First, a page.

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PUBG: New State is more of the same, but is that a bad thing for fans?

A classic format wrapped in something new.

For years, the battle royale genre has been taking over the world of gaming, and PUBG — or PlayerUnknown's Battlegrounds, as it's fully known — was one of the biggest reasons why. The original game helped launch the battle royale craze, and quickly made its way to mobile devices in the form of PUBG Mobile. Now, the game's sequel, PUBG: New State, is here, to advance on the lore of PUBG and bring players new content to sift through.

For fans of the genre, PUBG: New State will be a nice new experience to go through, especially for those who enjoy playing these type of games on their phone. For others, the fact that not a whole lot has changed when it comes to how you play may be something that keeps this game from elevating itself into the ranks of the best Android games out there.

PUBG: New State

Bottom line: PUBG: New State isn't anything special in terms of changing the way players on their phones experience battle royales. However, for fans of the series, it's a solid entry that builds upon PUBG Mobile, and gives players some new areas and weapons to experience.

The Good

  • Game still feels like a solid battle royale
  • Futuristic vehicles/weapons are fun to use

The Bad

  • Game still dealing with multiple bugs
  • Content is a bit barebones at launch
  • Things have not changed too much

Free at Google Play Store

PUBG: New State: What you'll love

Category GameNameXXX
Title PUBG: New State
Developer PUBG Studios
Publisher Krafton
Genre Shooter, Battle Royale
Game size 1.4GB
Play time 20+ hours
Players Multiplayer
Launch price Free

Whether you play PUBG, Fortnite, or Apex Legends, battle royale games are mostly the same. Players — usually 100-150 — are dropped onto an island of some sort, and tasked with coming out as the winner. In PUBG: New State, this remains true, and for fans of the original PUBG and its many iterations, you won't be lost when diving into this new game. The main thing that has changed, though, is the location, which takes place in 2051 on a map called Troi. Despite the new name and futuristic setting, Troi looks and feels a lot like any other battle royale map, and has a variety of empty buildings, woodsy areas, and more to explore.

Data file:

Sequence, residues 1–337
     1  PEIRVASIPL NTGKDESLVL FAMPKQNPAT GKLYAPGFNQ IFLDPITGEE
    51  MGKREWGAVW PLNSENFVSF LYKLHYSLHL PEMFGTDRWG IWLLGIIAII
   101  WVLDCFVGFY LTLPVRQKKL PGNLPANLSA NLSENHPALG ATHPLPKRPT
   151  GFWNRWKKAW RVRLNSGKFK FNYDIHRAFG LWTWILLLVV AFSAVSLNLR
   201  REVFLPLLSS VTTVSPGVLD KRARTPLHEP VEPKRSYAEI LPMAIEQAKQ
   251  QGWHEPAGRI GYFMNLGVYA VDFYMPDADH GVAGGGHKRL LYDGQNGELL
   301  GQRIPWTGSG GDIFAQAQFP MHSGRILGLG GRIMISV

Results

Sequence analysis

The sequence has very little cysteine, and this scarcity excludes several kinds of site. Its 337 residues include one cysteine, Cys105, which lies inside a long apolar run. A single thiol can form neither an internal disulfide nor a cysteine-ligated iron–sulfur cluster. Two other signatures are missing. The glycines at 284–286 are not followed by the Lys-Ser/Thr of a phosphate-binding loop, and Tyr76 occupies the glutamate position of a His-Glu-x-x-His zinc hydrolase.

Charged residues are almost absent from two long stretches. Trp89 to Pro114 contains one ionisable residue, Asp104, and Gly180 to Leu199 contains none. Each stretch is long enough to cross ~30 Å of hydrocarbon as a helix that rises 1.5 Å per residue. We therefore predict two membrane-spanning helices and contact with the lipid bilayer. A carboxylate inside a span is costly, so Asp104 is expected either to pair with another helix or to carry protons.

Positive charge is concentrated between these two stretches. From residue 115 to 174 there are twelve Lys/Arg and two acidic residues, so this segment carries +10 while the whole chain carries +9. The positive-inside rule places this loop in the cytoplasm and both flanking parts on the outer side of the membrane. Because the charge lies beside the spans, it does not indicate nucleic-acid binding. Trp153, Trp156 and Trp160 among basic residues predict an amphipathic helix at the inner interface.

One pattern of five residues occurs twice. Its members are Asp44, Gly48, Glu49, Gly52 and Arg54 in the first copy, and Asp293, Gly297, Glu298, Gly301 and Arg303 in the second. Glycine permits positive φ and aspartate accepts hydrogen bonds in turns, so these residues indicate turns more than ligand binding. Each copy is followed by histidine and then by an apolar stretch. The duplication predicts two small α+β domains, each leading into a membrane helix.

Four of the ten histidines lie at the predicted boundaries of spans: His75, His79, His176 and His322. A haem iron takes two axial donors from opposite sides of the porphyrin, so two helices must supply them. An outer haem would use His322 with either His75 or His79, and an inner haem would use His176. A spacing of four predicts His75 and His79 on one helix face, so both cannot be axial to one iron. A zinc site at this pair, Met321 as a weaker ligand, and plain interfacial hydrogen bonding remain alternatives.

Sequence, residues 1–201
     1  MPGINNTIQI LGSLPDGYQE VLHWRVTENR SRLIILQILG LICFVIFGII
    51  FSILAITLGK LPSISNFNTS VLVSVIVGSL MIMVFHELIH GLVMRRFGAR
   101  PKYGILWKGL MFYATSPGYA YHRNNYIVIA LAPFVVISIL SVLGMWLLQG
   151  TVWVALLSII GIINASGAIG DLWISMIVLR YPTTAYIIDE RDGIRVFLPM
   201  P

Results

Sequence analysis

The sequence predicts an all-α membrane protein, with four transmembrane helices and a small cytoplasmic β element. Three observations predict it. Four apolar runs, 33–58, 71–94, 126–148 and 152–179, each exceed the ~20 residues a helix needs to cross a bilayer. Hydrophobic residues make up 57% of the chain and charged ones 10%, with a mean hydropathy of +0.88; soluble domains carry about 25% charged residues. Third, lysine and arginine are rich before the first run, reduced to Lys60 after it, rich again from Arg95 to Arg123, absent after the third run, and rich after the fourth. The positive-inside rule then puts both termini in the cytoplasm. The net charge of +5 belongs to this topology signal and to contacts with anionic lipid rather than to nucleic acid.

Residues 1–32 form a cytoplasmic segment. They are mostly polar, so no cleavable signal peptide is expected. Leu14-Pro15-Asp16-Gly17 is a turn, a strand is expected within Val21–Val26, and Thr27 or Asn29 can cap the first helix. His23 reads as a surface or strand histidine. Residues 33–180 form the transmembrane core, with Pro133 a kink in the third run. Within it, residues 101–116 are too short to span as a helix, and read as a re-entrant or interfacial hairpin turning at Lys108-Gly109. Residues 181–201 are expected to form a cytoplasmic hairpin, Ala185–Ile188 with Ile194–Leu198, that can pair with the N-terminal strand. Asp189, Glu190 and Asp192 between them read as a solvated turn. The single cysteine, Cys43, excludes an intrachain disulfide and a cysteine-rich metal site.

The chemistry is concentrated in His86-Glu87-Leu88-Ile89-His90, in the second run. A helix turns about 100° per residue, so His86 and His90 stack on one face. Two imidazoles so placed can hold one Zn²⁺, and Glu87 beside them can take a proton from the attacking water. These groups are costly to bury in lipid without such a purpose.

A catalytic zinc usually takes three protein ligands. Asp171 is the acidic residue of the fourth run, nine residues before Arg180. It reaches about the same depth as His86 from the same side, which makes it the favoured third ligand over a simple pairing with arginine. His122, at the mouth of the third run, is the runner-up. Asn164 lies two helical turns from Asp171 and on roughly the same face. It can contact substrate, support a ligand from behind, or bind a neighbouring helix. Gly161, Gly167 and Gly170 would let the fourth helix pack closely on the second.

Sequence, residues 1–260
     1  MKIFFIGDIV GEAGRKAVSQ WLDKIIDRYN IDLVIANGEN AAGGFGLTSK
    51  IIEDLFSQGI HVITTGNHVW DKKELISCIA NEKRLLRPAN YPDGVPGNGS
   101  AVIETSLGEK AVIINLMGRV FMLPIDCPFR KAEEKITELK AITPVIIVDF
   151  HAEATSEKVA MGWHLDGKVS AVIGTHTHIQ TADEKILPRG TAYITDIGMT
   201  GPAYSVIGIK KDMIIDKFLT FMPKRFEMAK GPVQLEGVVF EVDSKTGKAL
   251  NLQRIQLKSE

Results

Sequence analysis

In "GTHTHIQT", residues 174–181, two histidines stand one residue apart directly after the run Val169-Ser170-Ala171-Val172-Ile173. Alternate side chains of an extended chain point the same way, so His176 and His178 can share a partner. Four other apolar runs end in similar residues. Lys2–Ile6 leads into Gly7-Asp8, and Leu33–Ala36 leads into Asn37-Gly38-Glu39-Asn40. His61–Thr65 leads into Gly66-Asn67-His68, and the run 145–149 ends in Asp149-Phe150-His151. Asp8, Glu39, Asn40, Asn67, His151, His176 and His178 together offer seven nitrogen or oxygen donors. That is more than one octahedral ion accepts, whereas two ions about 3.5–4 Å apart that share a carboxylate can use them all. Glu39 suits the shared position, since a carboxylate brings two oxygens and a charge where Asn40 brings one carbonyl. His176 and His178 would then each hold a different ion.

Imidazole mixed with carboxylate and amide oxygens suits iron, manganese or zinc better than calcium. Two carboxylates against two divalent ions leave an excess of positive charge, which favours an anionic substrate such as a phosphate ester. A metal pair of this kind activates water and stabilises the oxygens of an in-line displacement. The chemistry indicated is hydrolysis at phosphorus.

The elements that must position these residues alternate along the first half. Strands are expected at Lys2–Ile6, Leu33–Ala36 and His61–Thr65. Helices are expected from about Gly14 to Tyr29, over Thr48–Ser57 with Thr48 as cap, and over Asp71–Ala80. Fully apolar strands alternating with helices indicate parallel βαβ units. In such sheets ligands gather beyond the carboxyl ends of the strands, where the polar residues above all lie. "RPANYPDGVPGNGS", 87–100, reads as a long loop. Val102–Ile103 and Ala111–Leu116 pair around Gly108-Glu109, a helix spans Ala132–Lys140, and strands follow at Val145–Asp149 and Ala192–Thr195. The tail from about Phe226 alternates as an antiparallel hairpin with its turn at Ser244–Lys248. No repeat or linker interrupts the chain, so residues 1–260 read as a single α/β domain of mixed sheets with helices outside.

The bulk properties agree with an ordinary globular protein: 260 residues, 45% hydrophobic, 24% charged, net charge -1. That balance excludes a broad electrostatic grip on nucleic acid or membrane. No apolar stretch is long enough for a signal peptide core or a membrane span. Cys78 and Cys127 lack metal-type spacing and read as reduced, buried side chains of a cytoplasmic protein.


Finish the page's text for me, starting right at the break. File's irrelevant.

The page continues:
While the map might not exactly look new, the elements are to an extent. Located on the map are the same types of cars and vehicles that were found in PUBG Mobile, albeit with a more futuristic skin applied. Two new vehicles, the Volta and Vulture, are also found in the game. The Volta is a brand new car, while the Vulture is a two-wheeler that operates similar to how the motorcycles in the PC versions of PUBG did.

PUBG: New State is essentially the same old battle royale, wrapped in new packaging.

Perhaps the biggest addition to the map, however, is the tram system. The trams found in PUBG: New State operate as moving safe houses, allowing players to hop in them and travel across the map freely without the threat of being harmed. The trams are bulletproof, and will move you to areas way faster than having to worry about getting to them on foot. You're also able to heal or simply take a breather while in them, making it a great place to hide out if you're in the middle of a big fight.

New weapons have also been included into PUBG: New State, and while they're mostly more of the same in terms of fire rate, ammo, and style, it was nice to be playing with something other than the typical weapons that have been around in PUBG. However, it would be nice to see some even new weapons make their way into the game, especially with New State currently having a very firm meta that revolves around SMGs.

As far as the mobile side of things go, PUBG: New State is a surprisingly nice looking game. Textures seem to be a bit crisper and the surrounding landscapes of the map seem to be nicer, but nothing incredibly different compared to the previous game. Models (both human and other) also are a bit sharper, leading to an easier experience spotting an enemy from far away or if you're in the middle of an area with lots to look at.